Monthly Archives: June 2015

EM ONE – June 2015 Still Up All Night – Urology Dogma Challenge Especiale!

Kidney Stone Dogma Challenge Here is the June Late Night Lit Review. There have been several good, potentially practice changing, articles on the management of kidney stones in the last year. I decided to do a deep dive on the … Continue reading

Posted in Monthly THUMBNAIL

1. US for Kidney Stones is Safe and Effective

Practice Change: In patients I suspect of having renal colic, an US will be my first imagining study.   I can always get a CT later if I’m not satisfied with the workup. I may talk to the patients about possible … Continue reading

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2. A Normal Renal Ultrasound IS helpful

Take Home:  Sometimes a negative study is harder to explain to patients than positive studies. These two studies give me a chance to say “Great! Your chance of passing this kidney stone on your own is almost 100%” if I get … Continue reading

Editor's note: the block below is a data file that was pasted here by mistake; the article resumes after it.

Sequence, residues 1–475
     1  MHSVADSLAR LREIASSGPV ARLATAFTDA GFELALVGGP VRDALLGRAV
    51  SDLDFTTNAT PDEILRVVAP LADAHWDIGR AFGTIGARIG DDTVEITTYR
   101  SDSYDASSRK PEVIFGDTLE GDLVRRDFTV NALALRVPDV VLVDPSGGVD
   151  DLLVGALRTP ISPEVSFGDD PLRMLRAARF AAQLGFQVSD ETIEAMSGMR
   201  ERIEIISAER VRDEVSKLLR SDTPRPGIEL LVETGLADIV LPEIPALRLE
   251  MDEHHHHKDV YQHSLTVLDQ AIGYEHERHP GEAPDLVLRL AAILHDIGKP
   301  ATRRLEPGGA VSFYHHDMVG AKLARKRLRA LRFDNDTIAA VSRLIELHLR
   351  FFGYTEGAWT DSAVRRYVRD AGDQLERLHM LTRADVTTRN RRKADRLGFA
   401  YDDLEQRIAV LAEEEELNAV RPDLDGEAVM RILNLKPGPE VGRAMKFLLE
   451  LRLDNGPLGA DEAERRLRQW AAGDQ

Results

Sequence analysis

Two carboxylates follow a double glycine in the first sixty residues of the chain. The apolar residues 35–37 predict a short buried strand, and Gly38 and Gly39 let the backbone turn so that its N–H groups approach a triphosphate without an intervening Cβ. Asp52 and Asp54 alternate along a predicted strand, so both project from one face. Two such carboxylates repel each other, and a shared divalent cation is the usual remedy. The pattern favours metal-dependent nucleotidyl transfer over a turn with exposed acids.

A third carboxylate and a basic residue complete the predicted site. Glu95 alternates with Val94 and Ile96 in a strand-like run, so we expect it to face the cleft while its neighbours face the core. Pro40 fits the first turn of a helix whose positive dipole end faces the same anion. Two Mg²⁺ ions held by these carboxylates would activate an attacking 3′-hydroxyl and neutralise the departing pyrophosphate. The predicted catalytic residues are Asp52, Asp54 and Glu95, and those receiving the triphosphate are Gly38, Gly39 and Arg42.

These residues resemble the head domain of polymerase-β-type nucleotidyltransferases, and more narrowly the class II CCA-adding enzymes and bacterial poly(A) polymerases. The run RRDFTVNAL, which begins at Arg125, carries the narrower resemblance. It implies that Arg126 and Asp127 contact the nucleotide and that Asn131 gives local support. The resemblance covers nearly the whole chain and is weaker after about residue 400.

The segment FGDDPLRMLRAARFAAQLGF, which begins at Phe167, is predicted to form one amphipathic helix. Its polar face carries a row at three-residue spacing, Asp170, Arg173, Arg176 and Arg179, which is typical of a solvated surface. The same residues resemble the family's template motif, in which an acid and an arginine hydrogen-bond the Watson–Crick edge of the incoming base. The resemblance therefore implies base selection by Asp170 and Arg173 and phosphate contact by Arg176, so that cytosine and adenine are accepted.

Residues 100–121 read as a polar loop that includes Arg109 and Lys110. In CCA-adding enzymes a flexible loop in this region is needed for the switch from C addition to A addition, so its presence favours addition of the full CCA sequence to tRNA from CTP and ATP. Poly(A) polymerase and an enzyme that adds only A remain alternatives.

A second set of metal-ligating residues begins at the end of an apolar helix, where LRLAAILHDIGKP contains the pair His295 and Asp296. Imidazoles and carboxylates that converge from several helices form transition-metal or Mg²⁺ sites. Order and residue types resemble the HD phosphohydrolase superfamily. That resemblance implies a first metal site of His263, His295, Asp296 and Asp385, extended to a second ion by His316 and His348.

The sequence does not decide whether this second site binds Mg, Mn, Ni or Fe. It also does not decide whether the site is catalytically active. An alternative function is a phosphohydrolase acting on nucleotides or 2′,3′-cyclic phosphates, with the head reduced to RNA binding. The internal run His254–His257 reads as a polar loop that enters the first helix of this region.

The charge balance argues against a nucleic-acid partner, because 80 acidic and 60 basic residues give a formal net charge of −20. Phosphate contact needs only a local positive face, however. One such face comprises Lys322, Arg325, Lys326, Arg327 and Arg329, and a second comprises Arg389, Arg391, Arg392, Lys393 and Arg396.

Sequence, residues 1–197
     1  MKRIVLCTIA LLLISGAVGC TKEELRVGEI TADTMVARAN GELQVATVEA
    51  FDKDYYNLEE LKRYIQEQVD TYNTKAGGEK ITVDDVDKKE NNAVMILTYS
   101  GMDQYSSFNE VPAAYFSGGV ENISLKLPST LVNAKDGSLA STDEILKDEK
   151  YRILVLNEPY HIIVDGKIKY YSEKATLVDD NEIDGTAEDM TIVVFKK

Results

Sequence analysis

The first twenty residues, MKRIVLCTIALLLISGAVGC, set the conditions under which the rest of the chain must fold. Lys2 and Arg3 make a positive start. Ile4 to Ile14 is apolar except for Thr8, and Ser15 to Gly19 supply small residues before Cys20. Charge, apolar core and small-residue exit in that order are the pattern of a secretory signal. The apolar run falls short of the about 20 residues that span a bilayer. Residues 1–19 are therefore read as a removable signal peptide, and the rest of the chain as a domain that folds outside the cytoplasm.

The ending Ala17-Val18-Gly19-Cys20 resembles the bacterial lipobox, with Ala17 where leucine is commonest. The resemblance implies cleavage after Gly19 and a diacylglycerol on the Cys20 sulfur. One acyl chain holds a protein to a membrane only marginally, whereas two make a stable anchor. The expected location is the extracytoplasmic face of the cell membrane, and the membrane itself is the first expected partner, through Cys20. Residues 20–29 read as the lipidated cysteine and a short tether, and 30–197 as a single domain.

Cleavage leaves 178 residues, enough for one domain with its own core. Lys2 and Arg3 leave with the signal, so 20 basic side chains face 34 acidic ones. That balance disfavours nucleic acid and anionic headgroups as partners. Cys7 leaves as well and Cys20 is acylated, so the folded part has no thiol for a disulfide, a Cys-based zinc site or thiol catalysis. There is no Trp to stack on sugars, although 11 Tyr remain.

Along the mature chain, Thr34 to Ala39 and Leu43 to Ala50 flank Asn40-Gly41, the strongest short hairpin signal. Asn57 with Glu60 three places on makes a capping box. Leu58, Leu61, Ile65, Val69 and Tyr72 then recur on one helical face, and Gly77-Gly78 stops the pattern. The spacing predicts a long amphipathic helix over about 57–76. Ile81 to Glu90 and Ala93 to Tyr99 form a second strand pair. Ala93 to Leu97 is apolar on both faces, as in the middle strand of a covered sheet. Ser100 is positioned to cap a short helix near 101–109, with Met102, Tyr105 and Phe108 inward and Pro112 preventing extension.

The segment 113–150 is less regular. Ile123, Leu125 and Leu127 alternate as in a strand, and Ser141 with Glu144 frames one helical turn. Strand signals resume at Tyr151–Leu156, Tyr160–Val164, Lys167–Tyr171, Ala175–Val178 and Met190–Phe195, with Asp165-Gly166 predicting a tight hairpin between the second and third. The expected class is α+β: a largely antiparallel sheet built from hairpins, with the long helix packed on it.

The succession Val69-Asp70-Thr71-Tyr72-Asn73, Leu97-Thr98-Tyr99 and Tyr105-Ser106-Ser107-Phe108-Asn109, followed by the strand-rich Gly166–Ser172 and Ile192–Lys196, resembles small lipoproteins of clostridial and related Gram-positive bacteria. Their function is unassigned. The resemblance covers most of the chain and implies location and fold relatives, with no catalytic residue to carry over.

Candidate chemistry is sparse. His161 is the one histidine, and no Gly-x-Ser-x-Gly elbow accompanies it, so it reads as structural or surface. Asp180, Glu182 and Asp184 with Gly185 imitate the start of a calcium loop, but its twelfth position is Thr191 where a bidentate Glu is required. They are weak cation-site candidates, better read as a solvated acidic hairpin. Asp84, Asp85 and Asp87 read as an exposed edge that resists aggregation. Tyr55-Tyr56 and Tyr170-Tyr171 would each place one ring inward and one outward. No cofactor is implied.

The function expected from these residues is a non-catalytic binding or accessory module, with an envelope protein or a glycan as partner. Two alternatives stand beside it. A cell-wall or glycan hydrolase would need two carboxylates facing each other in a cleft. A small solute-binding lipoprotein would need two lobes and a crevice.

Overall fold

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3. Tamsulosin (Flomax) does NOT help pass kidney stones

Practice Change: I will no longer prescribe Flomax for kidney stones.  Medically expulsive therapy of stones appears ineffective.  Our urologists seem to like these medications, and I think we should have a discussion with them about their use. Tamsulosin (Flomax) and … Continue reading

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4. Best Pain Medications in Renal Colic?

Take Home: For patients with renal colic, I will use both an NSAID and opiate up front for pain control.  This study has some problems with dosing, but overall supports a practice that makes intuitive sense. Systematic review of the relative efficacy of non-steroidal … Continue reading

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5. Lidocaine for Renal Colic Pain Control

Take Home: Lidocaine IV seems like a reasonable, “non-opiate” alternative therapy for patients with reasons to not want to provide opiates.  (high opiate tolerance, pregnancy (category B), or suspected abuse). It is just one study, but an interesting alternative I will use. … Continue reading

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6. Do IV Fluids Make Stones Pass?

Take Home: It doesn’t appear that the small amount of available evidence supports this practice. If the expected effect was huge, I’d expect to see some hint of it in these small studies.  I’ll still treat dehydration from persistent vomiting … Continue reading

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